Whoever Saves the Whole World is Super Menschy
The Talmud teaches us: “Whoever saves a single life is considered by scripture to have saved the whole world.” But lesser known is the teaching that directly follows: “That being said, whoever just goes ahead and saves the whole world is considered super menschy and highly to be fived.”
By this standard, Julia Olson, executive director and chief legal counsel of Our Children’s Trust, is deserving of some major up-highs. Last month, she won a landmark climate case, Held v. Montana, arguing on behalf of a group of young Montanans that their state constitution does not permit the government to deliberately ignore the ongoing climate catastrophe. Her breakthrough could lay the groundwork for lawsuits in other states and perhaps in federal court; part of a larger legal battle to hold governments and fossil fuel companies accountable and force them to act.
The victory is long fought. Olson has been working on behalf of youth for years. In 2019, inspired by Olson’s work as lead counsel for Juliana v US, a.k.a. the Youth Climate Lawsuit,, I worked with a group of fellow Jews to support the case. We called in favors, raised money, relentlessly nudged, and ultimately created a viral video for NowThisNews featuring the young plaintiffs, a national signature campaign on behalf of the youth climate organization Zero Hour, and an amicus brief in the appeal filed on behalf of over 30,000 young people, demanding that their voices be heard.
Unfortunately, in the Juliana case, the children’s voices were not heard – their case was not made. Olson’s real challenge in both Juliana and Held was establishing “standing.” In Juliana, a divided federal appeals court ruled 2-1 that although the kids had a solid case on the merits – that the federal government has long known the harmful effects of greenhouse gas emissions on the environment and has not only failed to act, but has acted to allow and to increase those emissions – they nevertheless lacked standing to present their case because the courts could provide no remedy. Essentially, the judicial branch threw up its hands.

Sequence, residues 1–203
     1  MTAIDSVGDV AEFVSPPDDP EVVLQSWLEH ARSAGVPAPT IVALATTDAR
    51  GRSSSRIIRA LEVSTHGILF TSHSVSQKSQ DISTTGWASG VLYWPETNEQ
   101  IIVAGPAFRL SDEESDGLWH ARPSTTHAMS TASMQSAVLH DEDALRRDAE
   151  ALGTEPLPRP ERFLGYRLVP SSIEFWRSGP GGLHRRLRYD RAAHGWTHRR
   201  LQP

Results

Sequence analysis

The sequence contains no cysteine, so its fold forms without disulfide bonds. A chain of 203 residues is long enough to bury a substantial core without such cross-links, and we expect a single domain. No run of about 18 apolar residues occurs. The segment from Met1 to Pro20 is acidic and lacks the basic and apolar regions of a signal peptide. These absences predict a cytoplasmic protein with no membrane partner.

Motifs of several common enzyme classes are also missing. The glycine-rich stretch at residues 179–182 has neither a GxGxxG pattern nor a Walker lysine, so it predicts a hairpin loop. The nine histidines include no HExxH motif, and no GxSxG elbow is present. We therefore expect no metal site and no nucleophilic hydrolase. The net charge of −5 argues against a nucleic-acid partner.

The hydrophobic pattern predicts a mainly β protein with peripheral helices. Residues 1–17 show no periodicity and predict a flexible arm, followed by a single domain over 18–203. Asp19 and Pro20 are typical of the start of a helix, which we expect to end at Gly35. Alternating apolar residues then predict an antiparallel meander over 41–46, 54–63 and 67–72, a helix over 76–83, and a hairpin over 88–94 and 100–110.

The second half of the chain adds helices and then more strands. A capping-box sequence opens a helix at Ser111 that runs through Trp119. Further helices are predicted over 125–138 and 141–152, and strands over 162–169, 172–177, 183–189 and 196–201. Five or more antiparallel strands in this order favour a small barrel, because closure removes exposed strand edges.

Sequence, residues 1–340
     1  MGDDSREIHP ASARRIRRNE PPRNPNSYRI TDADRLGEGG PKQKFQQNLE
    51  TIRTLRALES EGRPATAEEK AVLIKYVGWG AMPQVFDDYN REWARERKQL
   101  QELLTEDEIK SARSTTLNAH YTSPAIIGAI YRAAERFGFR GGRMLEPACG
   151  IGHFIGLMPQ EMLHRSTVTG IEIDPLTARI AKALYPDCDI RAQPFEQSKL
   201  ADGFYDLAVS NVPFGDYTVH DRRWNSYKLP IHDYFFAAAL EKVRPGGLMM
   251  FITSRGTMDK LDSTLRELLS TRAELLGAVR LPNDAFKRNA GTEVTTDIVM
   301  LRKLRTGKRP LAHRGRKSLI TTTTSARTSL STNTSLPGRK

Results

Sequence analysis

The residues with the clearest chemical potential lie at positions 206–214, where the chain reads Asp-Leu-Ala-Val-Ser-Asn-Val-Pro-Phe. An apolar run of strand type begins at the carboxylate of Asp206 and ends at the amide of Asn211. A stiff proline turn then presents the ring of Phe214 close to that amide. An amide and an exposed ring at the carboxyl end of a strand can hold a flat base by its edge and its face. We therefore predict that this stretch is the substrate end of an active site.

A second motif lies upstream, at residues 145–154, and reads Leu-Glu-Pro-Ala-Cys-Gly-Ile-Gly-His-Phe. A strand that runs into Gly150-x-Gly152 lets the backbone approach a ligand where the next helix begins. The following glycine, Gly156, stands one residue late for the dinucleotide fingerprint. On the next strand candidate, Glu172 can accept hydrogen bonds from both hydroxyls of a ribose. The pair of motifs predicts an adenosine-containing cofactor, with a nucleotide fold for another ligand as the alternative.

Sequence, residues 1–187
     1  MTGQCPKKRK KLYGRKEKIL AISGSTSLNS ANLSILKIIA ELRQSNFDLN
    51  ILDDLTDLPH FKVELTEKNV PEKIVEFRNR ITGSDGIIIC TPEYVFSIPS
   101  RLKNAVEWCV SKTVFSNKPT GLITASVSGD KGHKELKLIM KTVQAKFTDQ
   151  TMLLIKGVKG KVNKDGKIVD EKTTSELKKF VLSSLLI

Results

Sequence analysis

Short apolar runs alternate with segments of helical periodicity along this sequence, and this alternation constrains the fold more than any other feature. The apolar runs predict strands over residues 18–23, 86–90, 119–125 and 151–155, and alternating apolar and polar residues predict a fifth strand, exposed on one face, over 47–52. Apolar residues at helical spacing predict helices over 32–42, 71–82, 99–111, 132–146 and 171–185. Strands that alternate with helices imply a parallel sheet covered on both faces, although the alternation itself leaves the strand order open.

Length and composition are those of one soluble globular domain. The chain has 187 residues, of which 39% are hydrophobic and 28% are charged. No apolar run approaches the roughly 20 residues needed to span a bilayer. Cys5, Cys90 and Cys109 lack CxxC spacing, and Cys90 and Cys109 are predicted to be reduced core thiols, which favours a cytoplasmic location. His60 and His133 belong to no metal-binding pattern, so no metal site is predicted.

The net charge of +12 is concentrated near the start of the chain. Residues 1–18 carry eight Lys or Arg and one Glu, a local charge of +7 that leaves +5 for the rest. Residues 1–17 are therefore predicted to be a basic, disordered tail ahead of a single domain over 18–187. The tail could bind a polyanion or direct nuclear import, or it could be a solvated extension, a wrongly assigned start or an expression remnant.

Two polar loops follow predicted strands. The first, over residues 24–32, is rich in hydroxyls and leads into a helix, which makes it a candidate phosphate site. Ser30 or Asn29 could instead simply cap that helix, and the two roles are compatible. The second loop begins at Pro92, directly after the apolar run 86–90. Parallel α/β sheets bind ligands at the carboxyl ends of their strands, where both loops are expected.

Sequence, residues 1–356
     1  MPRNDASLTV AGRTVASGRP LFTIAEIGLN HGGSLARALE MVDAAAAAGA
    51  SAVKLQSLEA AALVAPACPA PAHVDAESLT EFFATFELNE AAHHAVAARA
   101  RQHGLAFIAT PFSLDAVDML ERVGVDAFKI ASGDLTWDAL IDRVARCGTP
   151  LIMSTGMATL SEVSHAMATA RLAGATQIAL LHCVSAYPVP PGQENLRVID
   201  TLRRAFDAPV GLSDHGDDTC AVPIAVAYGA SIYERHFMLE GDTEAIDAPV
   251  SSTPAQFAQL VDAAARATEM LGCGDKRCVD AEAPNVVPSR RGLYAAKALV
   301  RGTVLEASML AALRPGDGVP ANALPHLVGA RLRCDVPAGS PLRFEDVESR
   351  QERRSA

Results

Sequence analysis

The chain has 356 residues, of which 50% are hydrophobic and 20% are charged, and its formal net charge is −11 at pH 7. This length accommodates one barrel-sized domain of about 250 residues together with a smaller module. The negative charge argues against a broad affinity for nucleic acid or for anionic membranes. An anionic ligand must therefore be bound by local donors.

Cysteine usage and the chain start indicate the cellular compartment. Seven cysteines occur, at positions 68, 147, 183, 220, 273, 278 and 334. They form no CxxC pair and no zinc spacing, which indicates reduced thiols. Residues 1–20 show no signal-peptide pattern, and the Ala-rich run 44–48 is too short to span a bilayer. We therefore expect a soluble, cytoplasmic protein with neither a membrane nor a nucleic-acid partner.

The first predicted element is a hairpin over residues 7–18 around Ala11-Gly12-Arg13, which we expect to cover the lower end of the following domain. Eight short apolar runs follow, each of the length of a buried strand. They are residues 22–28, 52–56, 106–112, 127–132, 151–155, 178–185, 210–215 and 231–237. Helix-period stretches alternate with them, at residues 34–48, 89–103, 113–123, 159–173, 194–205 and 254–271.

The dissent from Judge Josephine L. Stanton minced no words: “The government accepts as fact that the United States has reached a tipping point crying out for a concerted response — yet presses ahead toward calamity. It is as if an asteroid were barreling toward Earth and the government decided to shut down our only defenses.”
Olson has since amended the Juliana case and recently won the latest round in that litigation (another high five!) with the district court Judge Ann Aiken ruling that the kids can now, finally, proceed to trial. Unfortunately, Judge Aiken’s will not be the final word.
Meanwhile, in Montana, standing was established. And given the overwhelming evidence, it was an open and shut case. The judge’s findings of fact and law resoundingly affirmed that the Montana Constitution’s guarantee of “the right to a clean and healthful environment” includes the right of its citizens not to choke on wildfire smoke, flee from floodwaters, or die of heatstroke directly attributable to the state’s abject failure to acknowledge, much less address, climate impacts. These findings of fact will carry weight in other states with similar constitutional provisions – meaning this important work continues.